HOUSTON – More than 14 million Texans still do not have safe drinking water in their homes after a powerful winter storm burst pipes and knocked out power across the state this week.
Toby Baker, executive director of the Texas Commission on Environmental Quality, said the number of the state’s 7,000 public water systems affected by the winter storm has increased from Friday to 1,445, but the population affected by those water systems has dropped slightly to 14.3 million. He said about 156,000 homes have no water service at all, which is down from 352,000 reported Friday.
According to Baker, the challenge for many of the systems is finding labs to process the 24-hour tests that are required before a boil water notice can be lifted. He said the state has established a hotline to assist officials with locating an open lab. He said there are 79 labs across Texas that will be working through the weekend to process the tests.
Chief Nim Kidd, of the Texas Department of Emergency Management, said about 3 million bottles of water will be distributed by the end of Saturday, with another 6.9 million having been ordered or received. Kidd said the state has also ordered 250,000 meals-ready-to-eat to be distributed with another 5 million meals on the way.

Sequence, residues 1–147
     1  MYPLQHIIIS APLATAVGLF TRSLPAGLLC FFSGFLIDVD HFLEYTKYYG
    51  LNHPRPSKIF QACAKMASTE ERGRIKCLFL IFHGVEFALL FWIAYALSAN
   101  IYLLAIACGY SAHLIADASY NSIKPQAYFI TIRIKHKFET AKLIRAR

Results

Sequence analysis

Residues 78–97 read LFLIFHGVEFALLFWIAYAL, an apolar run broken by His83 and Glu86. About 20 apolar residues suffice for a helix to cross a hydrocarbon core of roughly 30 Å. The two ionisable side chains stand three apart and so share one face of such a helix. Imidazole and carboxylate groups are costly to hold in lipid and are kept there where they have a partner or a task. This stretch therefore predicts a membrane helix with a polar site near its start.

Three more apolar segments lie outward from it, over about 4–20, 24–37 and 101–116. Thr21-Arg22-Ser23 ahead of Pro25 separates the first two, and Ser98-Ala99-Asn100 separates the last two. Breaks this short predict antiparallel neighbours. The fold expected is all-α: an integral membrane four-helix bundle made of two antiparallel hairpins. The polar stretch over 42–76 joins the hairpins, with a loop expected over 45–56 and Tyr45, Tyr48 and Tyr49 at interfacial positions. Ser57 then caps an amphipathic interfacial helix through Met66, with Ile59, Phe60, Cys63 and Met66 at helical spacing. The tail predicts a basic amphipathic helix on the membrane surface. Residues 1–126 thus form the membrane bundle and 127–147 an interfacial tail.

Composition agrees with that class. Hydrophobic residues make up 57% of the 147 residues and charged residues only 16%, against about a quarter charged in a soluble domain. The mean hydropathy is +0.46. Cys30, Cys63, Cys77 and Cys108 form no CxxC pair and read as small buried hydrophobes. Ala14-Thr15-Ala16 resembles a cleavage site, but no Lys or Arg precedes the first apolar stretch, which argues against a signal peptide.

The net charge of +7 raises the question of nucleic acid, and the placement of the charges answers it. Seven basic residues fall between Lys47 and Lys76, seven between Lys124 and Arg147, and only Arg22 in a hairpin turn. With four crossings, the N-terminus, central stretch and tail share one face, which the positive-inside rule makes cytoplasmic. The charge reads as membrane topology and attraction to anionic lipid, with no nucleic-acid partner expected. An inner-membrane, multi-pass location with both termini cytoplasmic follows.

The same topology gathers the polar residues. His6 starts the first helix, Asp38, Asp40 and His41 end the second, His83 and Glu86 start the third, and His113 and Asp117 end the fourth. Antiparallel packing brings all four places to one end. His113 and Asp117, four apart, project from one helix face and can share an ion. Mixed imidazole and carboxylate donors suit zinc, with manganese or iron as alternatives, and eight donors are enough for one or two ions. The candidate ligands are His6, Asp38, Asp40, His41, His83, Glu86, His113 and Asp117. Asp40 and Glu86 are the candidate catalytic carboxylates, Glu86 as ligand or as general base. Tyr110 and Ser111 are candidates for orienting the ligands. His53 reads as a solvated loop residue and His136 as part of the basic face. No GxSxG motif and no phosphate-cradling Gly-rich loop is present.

Maj. Gen. Tracy Norris, of the Texas Military Department, said both National Guard and Air Force aircraft are being used to fly supplies across the state. Norris said that in some cases, Guard members are being used to help transport those supplies from airfields to distribution sites. The North Carolina National Guard is also sending aircraft to help with the mission, Norris said.
Kidd said only 77 of the state’s 254 counties are part of the federal disaster declaration at this time because damage assessments are needed in order to ensure the remaining counties meet the threshold to qualify for federal assistance.